6. By Nature, We are Unfit for God’s Kingdom

“Truly, truly, I say to you, unless one is born again he cannot see the kingdom of God.”—John 3:3

7. Faith in Jesus is Our Only Escape From God’s Wrath

Whoever believes in the Son has eternal life; whoever does not obey the Son shall not see life, but the wrath of God remains on him.—John 3:36

8. The Demand for Repentance (And What It May Mean for Us…)

The time is fulfilled, and the kingdom of God is at hand; repent and believe in the gospel.—Mark 1:15

9. God’s Demand for Our Radical Dependence

Truly, I say to you, unless you turn and become like children, you will never enter the kingdom of heaven.—Matthew 18:3

10. Jesus is both Our Savior and Judge

He put another parable before them, saying, “The kingdom of heaven may be compared to a man who sowed good seed in his field, but while his men were sleeping, his enemy came and sowed weeds among the wheat and went away. So when the plants came up and bore grain, then the weeds appeared also. And the servants of the master of the house came and said to him, ‘Master, did you not sow good seed in your field? How then does it have weeds?’ He said to them, ‘An enemy has done this.’ So the servants said to him, ‘Then do you want us to go and gather them?’ But he said, ‘No, lest in gathering the weeds you root up the wheat along with them. Let both grow together until the harvest, and at harvest time I will tell the reapers, Gather the weeds first and bind them in bundles to be burned, but gather the wheat into my barn.’”—Matthew 13:24–30

Thanks, so much for reading. I hope it helps you reflect more deeply on what it means to adopt the name, Christian.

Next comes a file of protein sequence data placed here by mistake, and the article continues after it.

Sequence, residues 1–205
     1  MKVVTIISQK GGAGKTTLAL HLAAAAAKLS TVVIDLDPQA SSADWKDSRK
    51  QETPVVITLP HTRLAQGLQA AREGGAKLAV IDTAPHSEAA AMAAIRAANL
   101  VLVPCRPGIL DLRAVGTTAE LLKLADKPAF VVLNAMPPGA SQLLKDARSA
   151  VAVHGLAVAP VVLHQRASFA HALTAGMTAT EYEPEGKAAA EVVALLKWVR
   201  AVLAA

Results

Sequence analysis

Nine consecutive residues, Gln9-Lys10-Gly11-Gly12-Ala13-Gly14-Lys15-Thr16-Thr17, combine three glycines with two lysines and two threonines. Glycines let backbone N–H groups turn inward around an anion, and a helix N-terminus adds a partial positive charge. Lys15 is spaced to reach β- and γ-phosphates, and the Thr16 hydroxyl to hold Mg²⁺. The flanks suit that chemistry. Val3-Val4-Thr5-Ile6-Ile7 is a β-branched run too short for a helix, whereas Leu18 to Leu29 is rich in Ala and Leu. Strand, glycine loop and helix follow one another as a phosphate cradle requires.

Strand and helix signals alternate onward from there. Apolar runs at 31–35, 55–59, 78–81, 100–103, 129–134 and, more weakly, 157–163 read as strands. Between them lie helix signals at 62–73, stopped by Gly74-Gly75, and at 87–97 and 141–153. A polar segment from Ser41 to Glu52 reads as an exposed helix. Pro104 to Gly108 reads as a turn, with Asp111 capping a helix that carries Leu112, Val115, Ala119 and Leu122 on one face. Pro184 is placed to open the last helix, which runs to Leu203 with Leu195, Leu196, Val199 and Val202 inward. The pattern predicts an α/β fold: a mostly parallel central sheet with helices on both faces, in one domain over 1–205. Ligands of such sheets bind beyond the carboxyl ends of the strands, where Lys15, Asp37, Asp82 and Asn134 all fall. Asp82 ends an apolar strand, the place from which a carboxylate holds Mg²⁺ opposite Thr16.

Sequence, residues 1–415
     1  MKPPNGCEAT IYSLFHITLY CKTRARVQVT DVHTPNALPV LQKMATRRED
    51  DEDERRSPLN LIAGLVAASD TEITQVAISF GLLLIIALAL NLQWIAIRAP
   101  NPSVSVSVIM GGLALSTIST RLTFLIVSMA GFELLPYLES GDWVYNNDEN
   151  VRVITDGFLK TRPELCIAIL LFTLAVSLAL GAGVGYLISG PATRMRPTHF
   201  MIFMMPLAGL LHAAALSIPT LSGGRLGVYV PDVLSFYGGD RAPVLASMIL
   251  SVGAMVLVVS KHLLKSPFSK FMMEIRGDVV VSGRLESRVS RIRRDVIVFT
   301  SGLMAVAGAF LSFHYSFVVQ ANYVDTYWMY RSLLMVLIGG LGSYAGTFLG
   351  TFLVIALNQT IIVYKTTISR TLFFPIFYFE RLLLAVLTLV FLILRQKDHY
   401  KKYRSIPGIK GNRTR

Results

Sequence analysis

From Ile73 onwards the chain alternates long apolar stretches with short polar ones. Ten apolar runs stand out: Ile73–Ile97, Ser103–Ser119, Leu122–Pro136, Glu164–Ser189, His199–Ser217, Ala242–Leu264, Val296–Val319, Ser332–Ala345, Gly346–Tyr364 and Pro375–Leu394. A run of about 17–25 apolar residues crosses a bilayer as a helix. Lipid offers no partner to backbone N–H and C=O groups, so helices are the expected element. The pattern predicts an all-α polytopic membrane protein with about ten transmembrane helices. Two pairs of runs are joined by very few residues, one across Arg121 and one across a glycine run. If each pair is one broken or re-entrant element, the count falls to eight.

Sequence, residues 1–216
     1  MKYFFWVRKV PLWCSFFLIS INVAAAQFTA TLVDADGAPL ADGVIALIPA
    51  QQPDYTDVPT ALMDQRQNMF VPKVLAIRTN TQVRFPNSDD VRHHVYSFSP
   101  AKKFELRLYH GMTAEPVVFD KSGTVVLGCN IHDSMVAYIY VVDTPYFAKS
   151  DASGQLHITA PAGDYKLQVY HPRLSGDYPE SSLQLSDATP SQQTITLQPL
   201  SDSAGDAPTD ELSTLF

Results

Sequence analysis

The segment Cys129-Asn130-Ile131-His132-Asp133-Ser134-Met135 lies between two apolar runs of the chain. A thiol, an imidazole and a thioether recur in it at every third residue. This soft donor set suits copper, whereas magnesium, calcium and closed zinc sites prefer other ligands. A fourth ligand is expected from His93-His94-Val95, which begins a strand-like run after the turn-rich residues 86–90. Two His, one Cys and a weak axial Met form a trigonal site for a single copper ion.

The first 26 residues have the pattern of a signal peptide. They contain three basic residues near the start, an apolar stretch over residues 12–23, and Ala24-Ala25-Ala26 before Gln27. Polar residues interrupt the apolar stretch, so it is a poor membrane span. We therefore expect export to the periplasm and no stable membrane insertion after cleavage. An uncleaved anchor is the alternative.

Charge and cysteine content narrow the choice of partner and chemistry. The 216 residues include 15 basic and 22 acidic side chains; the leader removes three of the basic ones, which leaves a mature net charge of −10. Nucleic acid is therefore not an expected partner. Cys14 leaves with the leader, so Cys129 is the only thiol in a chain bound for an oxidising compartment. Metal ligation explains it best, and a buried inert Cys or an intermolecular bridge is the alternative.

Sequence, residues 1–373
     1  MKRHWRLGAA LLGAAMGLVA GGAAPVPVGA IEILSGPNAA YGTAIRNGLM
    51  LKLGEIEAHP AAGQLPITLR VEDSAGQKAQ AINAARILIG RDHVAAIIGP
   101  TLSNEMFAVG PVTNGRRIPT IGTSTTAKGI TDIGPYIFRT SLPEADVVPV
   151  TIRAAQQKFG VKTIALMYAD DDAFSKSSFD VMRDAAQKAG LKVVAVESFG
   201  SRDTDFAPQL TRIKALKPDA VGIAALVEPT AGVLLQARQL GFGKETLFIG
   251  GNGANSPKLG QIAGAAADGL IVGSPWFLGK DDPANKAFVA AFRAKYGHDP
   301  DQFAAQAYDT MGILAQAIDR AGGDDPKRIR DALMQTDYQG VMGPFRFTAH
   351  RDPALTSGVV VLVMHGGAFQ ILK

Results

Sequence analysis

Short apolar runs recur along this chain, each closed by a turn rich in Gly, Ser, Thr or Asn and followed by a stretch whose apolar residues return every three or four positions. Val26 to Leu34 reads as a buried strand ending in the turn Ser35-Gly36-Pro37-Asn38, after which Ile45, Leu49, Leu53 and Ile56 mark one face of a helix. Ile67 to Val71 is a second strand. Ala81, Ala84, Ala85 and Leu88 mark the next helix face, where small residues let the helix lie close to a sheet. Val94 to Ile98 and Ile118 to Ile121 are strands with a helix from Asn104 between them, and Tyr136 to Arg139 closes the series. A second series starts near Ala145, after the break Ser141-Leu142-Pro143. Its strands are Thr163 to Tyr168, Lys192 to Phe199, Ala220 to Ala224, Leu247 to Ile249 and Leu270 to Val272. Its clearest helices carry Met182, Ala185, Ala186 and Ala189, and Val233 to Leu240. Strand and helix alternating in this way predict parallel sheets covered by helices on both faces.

Oh, and here’s something else I wrote on what it means, specifically, to believe in Jesus.

Finally, please know that I believe there is still tons right with the church in America. I believe in the work of many ministries, and receive personal, spiritual benefit from the instruction of several. I’m also a member of my local Presbyterian (PCA) congregation. If you want ideas about what to read, who to listen to, and who to avoid, send me an email at lonhetrick@gmail.com.

6 Easy Ways to Meet People and Fit In

Remember that time when you walked into an unfamiliar setting? Lot’s of people were already there, scattered around in noisy, chatty clusters. They obviously knew one another. They had history, something in common.

And they were completely oblivious to you… the new girl, the new guy. 

Your heart thumped a little harder, your mouth became dry. You scanned for a familiar face, but didn’t recognize anyone. Your palms grew clammy. You became self-conscious. “Just act natural,” you repeated in your head.

You were beginning feel like the poster child for awkward when mercifully, like an angel from heaven, someone approached you with a smile, extended a hand and said, “Hi, I’m Bob. I don’t think we’ve met.”

extended handshake

Before you knew it, Bob had introduced you to another person or two. You were settling into a group conversation, relaxing, and you realized that what had seemed like an awkward hour, was really about 23 seconds.

“Thank you Jesus,” for the Bobs of the world.